Monday, May 27, 2024

The New Shoe

 The New Shoe (1951) by Arthur W. Upfield

When the lighthouse inspector makes an unexpected second trip to now automated Split Point Lighthouse on Australia's southeast coast, he discovers the naked body of a man hidden in a little-used storage closet in the wall. There is nothing to identify the body and advertisements of his description yields no help. So, Inspector Napoleon "Bony" Bonaparte is dispatched to help the local police. Bony has yet to leave a case unsolved and he's confident he'll crack this one. But even with his disguise as a holiday-making sheep farmer, the local inhabitants are reluctant to tell more than they've already shared with the police. But Bony knows that they know something. The only one who will really talk with him is old Ed Penwarden, an expert wood craftsman who specializes in coffins.

Bony wonders why a certain coffin is moved in the night, why the girl was seen struggling with Dick Lake on the cliff top, why Elred Wessex never came home from the war, and what the Bully Buccaneers have to do with it all. It isn't until his new friend, the dog Stug, brings him a shiny new shoe at the cliff's edge that he finds the clues that will lead him onto the correct path and when someone tries to brain him with a rock he knows he's getting close. And if he's not careful, he'll find himself resting permanently in one of Penwarden's beautiful coffins...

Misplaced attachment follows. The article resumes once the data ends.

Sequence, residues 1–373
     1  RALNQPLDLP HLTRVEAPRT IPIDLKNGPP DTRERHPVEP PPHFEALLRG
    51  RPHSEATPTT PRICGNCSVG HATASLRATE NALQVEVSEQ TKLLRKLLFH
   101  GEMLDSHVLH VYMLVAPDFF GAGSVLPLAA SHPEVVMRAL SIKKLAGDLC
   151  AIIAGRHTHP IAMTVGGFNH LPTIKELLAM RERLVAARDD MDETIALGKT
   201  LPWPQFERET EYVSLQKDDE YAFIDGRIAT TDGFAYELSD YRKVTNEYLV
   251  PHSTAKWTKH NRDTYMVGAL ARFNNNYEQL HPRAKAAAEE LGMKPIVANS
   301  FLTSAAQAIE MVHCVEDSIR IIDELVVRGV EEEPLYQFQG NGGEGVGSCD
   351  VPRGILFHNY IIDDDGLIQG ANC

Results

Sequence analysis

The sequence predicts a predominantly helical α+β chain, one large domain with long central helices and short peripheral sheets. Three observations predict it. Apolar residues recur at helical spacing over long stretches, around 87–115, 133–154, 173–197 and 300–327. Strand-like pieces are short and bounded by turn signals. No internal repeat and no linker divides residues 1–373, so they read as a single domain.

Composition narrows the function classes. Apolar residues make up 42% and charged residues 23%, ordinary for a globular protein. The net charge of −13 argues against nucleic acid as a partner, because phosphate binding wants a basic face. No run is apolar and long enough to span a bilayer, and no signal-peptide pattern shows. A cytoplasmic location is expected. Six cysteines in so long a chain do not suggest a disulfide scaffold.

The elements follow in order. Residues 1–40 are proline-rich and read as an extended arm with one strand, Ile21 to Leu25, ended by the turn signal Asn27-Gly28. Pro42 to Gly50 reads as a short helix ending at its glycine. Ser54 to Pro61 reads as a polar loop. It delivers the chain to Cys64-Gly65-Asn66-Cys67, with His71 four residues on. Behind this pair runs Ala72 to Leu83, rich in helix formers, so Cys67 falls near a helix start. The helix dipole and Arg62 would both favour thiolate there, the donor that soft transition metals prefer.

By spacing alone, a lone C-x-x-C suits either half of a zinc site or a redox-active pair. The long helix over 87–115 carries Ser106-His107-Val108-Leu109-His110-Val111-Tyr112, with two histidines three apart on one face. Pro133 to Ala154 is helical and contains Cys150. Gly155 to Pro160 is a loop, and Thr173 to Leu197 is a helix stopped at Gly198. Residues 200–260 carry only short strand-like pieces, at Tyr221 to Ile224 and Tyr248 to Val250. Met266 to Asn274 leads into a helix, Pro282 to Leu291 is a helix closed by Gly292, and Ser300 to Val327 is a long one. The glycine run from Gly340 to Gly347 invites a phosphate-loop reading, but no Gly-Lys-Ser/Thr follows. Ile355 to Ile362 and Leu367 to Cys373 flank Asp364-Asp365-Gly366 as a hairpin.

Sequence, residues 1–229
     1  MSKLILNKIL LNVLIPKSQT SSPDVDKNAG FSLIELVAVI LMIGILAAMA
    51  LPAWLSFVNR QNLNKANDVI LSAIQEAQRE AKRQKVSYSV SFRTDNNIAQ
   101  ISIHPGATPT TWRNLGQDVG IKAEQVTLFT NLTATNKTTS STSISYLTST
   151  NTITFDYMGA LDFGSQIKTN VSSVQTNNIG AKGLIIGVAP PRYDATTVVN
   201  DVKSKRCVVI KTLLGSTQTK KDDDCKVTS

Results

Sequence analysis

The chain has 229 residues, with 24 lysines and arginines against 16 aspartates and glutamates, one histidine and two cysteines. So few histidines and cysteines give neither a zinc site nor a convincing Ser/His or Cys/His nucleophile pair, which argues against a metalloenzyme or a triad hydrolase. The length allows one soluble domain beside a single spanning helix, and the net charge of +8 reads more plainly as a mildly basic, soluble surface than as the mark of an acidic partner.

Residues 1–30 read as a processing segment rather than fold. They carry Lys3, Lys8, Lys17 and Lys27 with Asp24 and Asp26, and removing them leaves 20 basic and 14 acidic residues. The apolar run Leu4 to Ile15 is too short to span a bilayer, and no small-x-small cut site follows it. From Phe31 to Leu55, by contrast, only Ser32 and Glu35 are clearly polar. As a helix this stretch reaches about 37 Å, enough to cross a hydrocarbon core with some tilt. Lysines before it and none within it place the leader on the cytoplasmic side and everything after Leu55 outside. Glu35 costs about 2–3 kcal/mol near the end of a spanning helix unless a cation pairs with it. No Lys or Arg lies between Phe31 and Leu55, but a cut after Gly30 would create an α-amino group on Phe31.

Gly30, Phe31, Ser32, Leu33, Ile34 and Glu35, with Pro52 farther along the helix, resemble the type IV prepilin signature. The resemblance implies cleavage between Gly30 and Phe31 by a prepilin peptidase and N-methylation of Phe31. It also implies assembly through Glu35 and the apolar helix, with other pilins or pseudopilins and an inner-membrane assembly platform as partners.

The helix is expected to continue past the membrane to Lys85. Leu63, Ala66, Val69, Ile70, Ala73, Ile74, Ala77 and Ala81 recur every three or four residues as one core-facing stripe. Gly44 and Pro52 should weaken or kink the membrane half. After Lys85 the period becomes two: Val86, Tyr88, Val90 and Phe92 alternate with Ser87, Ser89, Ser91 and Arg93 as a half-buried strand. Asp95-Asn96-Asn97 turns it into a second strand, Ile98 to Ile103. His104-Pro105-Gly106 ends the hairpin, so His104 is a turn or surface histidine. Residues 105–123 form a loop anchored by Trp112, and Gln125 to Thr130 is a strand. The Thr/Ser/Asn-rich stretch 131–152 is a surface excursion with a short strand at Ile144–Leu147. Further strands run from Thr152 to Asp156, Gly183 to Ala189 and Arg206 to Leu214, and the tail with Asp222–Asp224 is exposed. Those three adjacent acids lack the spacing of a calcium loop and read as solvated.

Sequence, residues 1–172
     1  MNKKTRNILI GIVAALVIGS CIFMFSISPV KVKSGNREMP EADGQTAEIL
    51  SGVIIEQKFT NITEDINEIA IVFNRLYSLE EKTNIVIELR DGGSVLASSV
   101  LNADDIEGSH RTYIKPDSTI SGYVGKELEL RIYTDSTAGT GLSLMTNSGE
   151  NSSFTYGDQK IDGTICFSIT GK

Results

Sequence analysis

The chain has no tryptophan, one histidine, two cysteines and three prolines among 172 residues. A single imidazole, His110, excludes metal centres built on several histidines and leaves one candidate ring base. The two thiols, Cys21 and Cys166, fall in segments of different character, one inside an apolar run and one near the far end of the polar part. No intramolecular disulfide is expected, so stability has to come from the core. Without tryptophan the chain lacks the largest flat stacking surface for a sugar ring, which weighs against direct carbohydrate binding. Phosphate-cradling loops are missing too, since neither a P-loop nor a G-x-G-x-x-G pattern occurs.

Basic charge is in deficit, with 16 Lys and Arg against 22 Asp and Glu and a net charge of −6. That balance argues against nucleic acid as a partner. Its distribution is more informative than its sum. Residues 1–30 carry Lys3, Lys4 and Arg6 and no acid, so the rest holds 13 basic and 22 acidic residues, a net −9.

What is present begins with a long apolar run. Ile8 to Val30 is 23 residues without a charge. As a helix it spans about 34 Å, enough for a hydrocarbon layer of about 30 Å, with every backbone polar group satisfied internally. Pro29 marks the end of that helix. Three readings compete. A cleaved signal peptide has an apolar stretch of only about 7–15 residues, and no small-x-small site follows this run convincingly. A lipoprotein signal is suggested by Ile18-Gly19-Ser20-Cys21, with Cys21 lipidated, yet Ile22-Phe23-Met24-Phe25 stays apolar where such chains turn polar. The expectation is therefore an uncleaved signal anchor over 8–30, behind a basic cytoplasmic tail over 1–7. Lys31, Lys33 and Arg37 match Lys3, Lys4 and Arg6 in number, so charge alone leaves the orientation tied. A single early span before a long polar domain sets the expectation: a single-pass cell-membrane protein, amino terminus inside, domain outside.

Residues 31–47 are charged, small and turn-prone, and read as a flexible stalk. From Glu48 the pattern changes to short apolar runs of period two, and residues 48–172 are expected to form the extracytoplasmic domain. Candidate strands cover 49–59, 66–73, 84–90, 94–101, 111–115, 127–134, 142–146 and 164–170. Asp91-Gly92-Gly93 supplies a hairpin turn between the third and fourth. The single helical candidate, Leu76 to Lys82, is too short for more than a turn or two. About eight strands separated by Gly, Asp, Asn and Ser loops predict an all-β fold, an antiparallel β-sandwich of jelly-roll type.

Although Upfield employs some of the standard Bony tropes (going undercover, ignoring his chief's urgings to hurry up, etc), this is a slightly different take than most of the detective's cases. Here he finds himself in a more centralized rural area--with far more people around, rather than using his tracking skills in the outback. I really enjoyed his interactions with Penwarden and the empathy he showed to various characters he met during the course of his investigation. And, as always, it's fun to see him melt into another persona as seamlessly as Holmes donning a disguise. ★★★

First line: The evening sky was a true prophet.

"People don't hink about next week, tomorrow....No pride these days...get through work as quickly as possible for as much as possible...and refuse to do any thinkin' because thinkin' hurts." (Mr. Penwarden;p. 30)

"Putting the dead man in that locker don't make no sense to me, and I allus say that what don't make sense ain't worth worryin about. (Penwarden p. 64)

Last line: He walked on, and Mr. Penwarden tarried at the gate to watch him until he reached the main road.

Deaths =  3 (one shot; one natural; one fell from height)

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